Getting EA's Battlefield in a good spot is one of Zampella's biggest challenges.

Why it matters: Battlefield is supposed to be a marquee military shooter franchise for EA, but launches over the last several years have been shaky.

It's best not to think of it simply as a Call of Duty competitor, Zampella says.

  • It has a “specialness around the squad play” and “those only-in-Battlefield moments where you can kind of see something come together where it just blows your mind.”
  • “I can't really say too much, just because we're not really talking about it yet, but there's a lot that we can do there.”

3. Sony's unstoppable PS5

Photo illustration of a PS5 controller and abstract shapes.

Photo illustration: Aïda Amer/Axios. Photo: Olly Curtis/Future Publishing via Getty Images

Sony expects to sell 25 million PlayStation 5s in the 12 months ending March 31, 2024, the company’s CEO told investors Friday.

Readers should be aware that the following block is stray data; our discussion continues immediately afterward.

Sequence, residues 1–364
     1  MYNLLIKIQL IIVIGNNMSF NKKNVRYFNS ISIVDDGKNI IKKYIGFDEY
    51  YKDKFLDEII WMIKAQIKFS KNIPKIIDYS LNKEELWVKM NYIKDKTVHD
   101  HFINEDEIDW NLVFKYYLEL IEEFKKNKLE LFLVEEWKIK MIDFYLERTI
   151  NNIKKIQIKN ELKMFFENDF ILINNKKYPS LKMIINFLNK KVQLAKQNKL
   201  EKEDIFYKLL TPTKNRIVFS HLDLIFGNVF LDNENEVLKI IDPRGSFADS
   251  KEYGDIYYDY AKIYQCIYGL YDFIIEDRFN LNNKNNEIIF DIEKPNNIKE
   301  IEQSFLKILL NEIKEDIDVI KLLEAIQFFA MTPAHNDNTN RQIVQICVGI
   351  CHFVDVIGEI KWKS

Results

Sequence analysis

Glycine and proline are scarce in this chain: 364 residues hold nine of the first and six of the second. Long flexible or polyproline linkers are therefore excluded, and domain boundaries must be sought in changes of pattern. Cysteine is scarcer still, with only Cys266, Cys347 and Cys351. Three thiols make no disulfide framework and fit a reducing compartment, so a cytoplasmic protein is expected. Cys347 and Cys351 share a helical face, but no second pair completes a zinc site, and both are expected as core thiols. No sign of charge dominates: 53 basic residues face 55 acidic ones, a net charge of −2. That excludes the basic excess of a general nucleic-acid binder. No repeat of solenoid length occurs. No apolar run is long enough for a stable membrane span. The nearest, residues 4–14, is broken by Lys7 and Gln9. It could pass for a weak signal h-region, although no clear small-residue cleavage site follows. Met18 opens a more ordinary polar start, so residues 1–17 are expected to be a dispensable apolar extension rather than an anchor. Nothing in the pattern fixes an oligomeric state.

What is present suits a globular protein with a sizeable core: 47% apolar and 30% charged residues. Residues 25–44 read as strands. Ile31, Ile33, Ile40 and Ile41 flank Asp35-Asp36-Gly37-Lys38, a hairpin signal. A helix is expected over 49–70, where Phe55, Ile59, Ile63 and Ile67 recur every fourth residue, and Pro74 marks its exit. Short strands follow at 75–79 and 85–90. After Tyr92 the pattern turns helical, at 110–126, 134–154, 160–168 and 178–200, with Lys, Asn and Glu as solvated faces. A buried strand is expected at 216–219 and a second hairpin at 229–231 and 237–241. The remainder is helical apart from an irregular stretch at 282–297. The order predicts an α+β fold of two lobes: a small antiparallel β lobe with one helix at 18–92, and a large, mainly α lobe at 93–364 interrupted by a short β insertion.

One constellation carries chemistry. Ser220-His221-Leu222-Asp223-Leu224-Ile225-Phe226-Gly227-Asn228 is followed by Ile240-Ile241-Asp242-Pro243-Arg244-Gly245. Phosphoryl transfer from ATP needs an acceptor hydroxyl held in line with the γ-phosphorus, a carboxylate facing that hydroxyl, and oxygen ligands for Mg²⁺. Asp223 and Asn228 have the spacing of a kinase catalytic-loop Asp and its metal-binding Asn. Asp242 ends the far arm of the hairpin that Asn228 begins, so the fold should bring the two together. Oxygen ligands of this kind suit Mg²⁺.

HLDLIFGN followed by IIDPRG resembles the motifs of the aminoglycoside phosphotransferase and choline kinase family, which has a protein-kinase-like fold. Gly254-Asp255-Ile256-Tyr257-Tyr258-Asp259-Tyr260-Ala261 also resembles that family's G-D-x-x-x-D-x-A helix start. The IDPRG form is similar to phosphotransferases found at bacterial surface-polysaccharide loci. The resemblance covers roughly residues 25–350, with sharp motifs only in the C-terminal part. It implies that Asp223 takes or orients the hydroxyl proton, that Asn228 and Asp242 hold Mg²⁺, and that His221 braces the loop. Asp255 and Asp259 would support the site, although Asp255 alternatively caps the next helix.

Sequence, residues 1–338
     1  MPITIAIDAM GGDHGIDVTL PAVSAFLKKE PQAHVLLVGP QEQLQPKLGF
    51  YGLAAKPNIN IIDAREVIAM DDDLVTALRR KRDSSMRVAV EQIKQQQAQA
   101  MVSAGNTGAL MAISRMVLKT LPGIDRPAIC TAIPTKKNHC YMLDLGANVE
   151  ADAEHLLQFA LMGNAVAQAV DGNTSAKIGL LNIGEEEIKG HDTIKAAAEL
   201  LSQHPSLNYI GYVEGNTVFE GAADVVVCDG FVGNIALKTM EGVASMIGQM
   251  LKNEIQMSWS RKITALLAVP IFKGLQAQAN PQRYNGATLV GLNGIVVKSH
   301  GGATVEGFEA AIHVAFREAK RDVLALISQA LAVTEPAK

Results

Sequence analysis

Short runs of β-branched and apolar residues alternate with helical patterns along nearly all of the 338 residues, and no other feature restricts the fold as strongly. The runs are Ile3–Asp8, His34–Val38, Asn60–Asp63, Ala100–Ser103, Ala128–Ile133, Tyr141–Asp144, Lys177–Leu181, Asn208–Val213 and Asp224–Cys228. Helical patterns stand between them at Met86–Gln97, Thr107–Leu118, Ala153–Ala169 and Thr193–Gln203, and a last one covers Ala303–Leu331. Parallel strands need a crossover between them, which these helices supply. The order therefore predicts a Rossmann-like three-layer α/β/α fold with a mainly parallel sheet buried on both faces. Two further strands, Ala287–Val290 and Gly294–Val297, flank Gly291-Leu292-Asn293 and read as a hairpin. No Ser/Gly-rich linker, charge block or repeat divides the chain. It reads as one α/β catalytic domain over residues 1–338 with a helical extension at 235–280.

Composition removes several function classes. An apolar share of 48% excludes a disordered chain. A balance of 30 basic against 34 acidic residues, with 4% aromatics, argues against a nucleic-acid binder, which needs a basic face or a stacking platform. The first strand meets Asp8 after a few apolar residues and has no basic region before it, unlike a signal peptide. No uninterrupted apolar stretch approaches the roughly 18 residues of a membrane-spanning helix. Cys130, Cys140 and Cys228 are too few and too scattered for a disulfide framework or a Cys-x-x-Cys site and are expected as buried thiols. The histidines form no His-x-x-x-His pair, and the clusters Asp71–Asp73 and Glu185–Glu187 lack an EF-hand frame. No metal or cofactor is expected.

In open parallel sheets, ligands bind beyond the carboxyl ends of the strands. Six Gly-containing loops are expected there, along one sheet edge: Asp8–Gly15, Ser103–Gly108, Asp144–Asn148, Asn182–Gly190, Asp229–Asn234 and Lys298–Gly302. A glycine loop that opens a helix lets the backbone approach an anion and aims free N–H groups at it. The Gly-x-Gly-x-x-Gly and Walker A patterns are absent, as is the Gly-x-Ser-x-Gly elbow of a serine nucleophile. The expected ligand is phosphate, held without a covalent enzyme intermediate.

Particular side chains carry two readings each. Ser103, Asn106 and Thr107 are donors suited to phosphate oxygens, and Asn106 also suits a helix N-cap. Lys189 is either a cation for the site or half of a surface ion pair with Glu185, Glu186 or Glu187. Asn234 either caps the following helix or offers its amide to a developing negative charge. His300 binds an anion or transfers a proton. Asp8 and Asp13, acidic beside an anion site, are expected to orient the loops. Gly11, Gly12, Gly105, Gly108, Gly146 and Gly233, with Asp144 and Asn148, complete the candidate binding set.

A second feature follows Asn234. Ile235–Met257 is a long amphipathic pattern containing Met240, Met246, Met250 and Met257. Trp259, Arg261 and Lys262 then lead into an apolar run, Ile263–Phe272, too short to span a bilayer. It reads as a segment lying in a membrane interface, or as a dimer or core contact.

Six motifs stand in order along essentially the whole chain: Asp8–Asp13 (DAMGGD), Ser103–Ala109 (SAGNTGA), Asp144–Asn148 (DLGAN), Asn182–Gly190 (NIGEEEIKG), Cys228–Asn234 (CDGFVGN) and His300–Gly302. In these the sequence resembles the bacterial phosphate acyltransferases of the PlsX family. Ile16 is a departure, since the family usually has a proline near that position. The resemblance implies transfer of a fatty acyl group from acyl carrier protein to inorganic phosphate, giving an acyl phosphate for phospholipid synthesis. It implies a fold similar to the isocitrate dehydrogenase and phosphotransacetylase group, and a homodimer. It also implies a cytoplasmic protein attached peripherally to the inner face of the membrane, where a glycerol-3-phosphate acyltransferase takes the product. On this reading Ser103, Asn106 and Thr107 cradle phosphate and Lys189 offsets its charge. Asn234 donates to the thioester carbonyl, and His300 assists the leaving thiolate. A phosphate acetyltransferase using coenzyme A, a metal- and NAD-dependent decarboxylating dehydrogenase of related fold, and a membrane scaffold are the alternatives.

• That’s 6 million more than it sold in the prior year and would be the most PlayStations ever sold in a year since Sony got into gaming in the 1990s.
  • PS5 supply chain issues are fading, while demand remains strong.

Why it matters: Sony is on a roll this generation, posting rising quarterly PS5 unit sales in the same week Microsoft announced a 30% drop in year-on-year Xbox consoles sold.

Yes, but: Sony is projecting lower first-party game sales for the year and largely flat sales from third-party game makers.

  • That’s despite some massive launches ahead, including the PS5-only Final Fantasy XVI from SquareEnix and Activision Blizzard’s multiplatform Diablo IV.
  • Sony’s only announced first-party title for the next year is Marvel’s Spider-Man 2.

4. Need to know

💰 "The Super Mario Bros. Movie" has exceeded $1 billion in global box office, Variety reports. The movie keeps getting posted to Twitter, where one version was viewed more than 9 million times, according to The Verge.

☁️ Microsoft has signed another 10-year cloud gaming commitment, this time to stream Activision Blizzard games to European platform NWare, should Microsoft’s $69 billion bid for the game maker clear regulatory hurdles.